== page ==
Worksafe warns businesses to be wary of cold callers


WorkSafe Victoria is urging businesses to be wary of cold callers offering health and safety services

November 25, 2010

WorkSafe Victoria is urging businesses to be wary of cold callers offering health and safety services after a formal warning was issued to a company selling safety products.

The Australian Competition and Consumer Commission issued the warning alleging the company made false or misleading representations concerning the need for workplace safety materials and harassment or coercion.

The alleged conduct may have contravened the Trade Practices Act (1974) or the Australian Consumer Law, the ACCC says.

WorkSafe says it frequently receives calls from businesses saying they have been approached to take advantage of a range of products and services including safety signs, publications and first aid courses.

"In many cases, businesses develop the idea that the business is some way connected to WorkSafe and in some situations the business owner is threatened with some form of retribution if they don’t take up the offer," WorkSafe General Manager of Operations Lisa Sturzenegger says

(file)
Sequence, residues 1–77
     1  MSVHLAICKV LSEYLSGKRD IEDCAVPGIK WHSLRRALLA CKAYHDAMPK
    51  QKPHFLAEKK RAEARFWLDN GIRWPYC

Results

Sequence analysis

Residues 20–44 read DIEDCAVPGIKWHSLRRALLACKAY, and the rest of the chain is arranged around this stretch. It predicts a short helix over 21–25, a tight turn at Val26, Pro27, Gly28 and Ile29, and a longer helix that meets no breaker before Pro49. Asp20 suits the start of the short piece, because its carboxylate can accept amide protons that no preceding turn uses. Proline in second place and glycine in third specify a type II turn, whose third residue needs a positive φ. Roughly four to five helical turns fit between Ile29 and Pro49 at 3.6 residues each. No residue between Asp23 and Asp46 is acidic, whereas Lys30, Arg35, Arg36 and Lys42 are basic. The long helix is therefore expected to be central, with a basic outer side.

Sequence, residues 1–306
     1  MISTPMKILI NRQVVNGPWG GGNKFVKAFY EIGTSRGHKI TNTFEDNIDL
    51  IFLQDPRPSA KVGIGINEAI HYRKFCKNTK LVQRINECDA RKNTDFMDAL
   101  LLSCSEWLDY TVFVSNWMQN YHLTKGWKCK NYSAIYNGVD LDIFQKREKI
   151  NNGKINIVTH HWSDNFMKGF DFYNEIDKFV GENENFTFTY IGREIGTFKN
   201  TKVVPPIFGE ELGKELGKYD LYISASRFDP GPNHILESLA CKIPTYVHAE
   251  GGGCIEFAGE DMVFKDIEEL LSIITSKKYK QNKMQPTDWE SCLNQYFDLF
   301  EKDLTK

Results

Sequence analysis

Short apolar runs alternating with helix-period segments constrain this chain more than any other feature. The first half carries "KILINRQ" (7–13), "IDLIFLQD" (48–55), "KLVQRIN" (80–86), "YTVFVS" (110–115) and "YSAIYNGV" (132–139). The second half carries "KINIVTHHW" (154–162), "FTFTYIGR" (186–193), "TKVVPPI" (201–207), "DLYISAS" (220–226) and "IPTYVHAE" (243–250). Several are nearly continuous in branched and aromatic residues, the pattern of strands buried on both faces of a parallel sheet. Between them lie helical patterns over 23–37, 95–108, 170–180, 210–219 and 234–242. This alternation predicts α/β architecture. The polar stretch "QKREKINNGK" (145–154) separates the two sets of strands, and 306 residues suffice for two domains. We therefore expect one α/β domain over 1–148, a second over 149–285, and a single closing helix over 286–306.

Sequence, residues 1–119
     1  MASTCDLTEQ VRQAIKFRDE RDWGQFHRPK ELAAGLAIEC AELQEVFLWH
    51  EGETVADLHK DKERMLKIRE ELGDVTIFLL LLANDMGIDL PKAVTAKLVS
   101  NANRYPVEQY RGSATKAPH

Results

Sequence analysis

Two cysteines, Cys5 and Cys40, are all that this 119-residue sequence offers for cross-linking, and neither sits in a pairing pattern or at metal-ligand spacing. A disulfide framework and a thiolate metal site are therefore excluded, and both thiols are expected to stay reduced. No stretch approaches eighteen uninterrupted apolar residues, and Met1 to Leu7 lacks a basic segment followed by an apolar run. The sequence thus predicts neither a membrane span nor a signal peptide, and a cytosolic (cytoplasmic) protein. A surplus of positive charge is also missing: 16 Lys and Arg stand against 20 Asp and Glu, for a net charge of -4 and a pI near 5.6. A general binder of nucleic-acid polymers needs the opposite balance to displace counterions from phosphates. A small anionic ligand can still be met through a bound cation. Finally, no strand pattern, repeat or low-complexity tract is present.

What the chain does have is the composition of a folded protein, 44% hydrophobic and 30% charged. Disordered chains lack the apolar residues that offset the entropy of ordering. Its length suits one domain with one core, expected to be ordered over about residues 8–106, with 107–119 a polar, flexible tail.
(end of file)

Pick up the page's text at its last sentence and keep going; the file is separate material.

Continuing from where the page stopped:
"WorkSafe Victoria has no commercial operations and we don’t endorse commercial products, directly test equipment or conduct training."

She is calling on businesses to seek advice and determine whether what is offered is value for money.

"It’s hard enough running a business without someone preying on your goodwill or lack of knowledge," Sturzenegger says.

"The old saying ‘let the buyer beware’ should always be at the front of mind when dealing with cold callers. They might be legitimate but caution is essential."

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